Baby Kellan the day after his first chemo

Baby Kellan sleeps the day after receiving his first chemotherapy infusion.

By midnight, they had the answer.

“They did the initial MRI and they brought us into a little room and said that he had a mass on his spine,” Elizabeth said. “I turned to Dan and I said, ‘It’s cancer.’ The next day it was confirmed that it was neuroblastoma.”

Surgeons removed as much of the tumor as they could, carefully scraping it from his vertebrae and removing the mass that was pressing on his organs. Then Kellan endured four rounds of chemotherapy to kill any cancer that remained.

It was brutal. But he made it.

Kellan and his family

Kellan and his family at their home in a small town in central Maine. When Elizabeth and Dan married, they each were parents to three children, before having Kellan and his little brother, Owen. They blended to create a big, beautiful family of 10. From left to right: Tucker, Nate, Sam, Dan, Kellan, Elizabeth, Owen, Mollie, Allie, Quinn, and Charlotte.


Kellan playing wheelchair basketball

Kellan plays wheelchair basketball during an adaptive sports expo in Boston.

In the summer of 2017, Kellan hit the momentous five-year mark. He was officially a childhood cancer survivor at only 5 years old.

Despite this status, cancer is still very much a reality for Kellan and his family. Bowel and bladder issues have cropped up and it’s unclear whether he’ll able to have kids of his own when he grows up. He struggles with hearing loss, which is a side effect of his treatment, and chronic pain.

But he doesn’t wallow in his pain. He doesn’t often ask, ‘Why me?’ He bounces right back into living life.

“I’m always astounded by this. It’s not often that he’ll break down and say, ‘It’s not fair.’ It happens a few times a year. ‘Why did I have to get cancer? Why did it have to ruin my spine?’ Because he knows kids with cancer that are able-bodied now,” Elizabeth said. “But it’s so short-lived, because he’s just so full of life and just so focused on the next adventure that he doesn’t dwell a long time in the ‘it’s not fair.’”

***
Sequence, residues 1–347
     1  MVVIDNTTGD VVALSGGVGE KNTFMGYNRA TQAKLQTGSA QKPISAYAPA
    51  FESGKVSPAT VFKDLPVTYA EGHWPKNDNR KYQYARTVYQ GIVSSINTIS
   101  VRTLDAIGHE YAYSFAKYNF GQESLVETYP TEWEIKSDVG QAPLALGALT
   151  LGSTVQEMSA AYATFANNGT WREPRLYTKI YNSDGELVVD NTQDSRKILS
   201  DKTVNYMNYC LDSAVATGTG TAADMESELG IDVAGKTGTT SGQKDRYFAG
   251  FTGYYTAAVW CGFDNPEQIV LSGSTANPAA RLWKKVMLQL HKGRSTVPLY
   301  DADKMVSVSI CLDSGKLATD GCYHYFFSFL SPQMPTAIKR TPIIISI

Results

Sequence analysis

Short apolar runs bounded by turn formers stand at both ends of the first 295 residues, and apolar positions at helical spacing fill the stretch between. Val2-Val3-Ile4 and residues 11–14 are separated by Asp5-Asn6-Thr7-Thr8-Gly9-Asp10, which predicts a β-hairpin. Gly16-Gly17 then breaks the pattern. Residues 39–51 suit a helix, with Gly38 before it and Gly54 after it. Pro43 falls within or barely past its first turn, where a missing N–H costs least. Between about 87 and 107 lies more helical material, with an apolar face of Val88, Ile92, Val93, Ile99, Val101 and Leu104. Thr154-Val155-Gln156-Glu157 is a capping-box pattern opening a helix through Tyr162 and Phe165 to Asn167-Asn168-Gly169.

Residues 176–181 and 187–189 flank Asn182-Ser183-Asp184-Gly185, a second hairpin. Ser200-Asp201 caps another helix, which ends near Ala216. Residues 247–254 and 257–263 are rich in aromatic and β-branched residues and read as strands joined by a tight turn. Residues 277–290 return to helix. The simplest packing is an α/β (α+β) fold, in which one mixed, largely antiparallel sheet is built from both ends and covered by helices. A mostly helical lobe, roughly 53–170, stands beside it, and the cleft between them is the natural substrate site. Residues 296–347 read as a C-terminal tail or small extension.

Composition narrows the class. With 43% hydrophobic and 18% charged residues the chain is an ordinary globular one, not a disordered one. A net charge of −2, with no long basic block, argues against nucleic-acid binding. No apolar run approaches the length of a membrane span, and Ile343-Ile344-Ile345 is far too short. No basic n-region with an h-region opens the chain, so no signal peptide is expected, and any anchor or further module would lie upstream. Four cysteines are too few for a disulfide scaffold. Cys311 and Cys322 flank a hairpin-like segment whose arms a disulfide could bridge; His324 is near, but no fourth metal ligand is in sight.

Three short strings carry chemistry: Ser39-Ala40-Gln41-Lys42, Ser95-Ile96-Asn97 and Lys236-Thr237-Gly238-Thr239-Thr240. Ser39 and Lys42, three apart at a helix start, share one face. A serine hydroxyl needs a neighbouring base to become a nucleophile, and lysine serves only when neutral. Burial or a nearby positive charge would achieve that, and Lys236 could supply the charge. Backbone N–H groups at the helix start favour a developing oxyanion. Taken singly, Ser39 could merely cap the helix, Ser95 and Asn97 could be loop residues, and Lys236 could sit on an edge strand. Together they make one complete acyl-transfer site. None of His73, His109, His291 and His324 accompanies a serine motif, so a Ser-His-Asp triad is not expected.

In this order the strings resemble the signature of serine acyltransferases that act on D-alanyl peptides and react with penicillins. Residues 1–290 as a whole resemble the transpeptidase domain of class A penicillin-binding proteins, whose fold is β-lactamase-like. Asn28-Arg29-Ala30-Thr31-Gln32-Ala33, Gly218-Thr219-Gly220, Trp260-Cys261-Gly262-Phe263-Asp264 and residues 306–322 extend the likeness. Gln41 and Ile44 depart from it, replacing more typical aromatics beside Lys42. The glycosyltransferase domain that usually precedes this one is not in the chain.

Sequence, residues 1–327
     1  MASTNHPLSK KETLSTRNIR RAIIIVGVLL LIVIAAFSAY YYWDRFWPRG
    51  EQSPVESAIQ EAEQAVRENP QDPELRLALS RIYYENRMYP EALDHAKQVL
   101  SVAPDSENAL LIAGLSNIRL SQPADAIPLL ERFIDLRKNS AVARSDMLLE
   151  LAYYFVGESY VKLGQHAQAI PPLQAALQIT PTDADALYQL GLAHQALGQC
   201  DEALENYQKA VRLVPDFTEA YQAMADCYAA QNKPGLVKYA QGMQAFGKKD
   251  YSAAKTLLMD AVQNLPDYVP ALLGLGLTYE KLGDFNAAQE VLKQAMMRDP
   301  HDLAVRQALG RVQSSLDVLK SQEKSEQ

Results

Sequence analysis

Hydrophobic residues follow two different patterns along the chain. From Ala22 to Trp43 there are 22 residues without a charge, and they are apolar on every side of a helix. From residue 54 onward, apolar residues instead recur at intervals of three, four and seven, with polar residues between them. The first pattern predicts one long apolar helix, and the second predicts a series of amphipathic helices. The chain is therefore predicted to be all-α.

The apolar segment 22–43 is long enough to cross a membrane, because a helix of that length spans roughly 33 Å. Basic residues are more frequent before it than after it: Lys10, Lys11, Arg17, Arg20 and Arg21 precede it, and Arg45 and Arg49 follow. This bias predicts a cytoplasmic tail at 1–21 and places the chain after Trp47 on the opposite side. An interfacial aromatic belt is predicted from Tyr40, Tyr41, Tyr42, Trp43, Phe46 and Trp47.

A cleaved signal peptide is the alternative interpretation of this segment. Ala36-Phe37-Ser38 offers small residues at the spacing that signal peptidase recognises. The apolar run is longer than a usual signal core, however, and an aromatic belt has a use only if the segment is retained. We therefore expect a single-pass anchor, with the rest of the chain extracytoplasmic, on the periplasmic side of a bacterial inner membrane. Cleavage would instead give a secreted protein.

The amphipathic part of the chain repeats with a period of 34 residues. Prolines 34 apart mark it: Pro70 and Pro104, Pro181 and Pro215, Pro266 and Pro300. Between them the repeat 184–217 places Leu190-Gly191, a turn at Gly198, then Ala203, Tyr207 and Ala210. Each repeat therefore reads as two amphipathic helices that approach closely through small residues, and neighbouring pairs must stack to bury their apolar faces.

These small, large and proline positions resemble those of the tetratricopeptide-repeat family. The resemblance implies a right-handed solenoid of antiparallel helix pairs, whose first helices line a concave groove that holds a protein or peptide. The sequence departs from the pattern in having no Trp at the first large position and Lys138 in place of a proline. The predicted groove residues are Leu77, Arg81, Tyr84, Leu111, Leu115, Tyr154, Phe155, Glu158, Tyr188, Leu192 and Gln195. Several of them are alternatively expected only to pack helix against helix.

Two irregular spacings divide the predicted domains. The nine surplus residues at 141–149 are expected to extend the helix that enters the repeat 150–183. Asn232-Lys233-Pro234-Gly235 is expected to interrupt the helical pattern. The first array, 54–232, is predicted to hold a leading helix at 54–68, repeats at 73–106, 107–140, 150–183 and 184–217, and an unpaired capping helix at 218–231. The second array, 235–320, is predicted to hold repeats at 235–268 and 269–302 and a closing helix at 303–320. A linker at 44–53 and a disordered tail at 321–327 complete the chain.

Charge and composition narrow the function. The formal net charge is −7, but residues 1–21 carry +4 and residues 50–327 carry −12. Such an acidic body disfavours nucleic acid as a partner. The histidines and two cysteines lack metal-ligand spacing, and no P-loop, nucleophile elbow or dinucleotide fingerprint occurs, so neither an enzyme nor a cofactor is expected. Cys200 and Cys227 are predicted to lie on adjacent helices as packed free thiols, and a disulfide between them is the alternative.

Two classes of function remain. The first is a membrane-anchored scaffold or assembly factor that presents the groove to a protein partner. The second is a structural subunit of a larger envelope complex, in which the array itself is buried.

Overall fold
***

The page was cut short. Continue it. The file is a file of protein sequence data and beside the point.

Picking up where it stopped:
That’s who Kellan is. With his family’s support and a little creativity, whatever this kid wants to do, he can do it.

Kellan, his brother and his mom fish

Kellan, his mom and little brother, Owen, reel in a fish on the pontoon boat the family purchased so Kellan could fish easily from his chair.

The boy has advocated for childhood cancer research on Capitol Hill and charmed senators with knock-knock jokes. He skis on adapted equipment and rock climbs using special harness and rope systems. He loves to fish from his wheelchair and wants to be a fisherman when he grows up. He keeps up with the active family of 10, which is thick with football players, lacrosse players, dancers, hockey players and runners.

He’s even started target shooting with a BB gun – preparation for future competition in the biathlon at the Paralympic Winter Games. (It turns out that he’s a natural.)

“There is going to be so much in this world that he can do,” Elizabeth said. “We just have to make sure that he gets there.”

Together we can take childhood back from cancer. Fund lifesaving research today.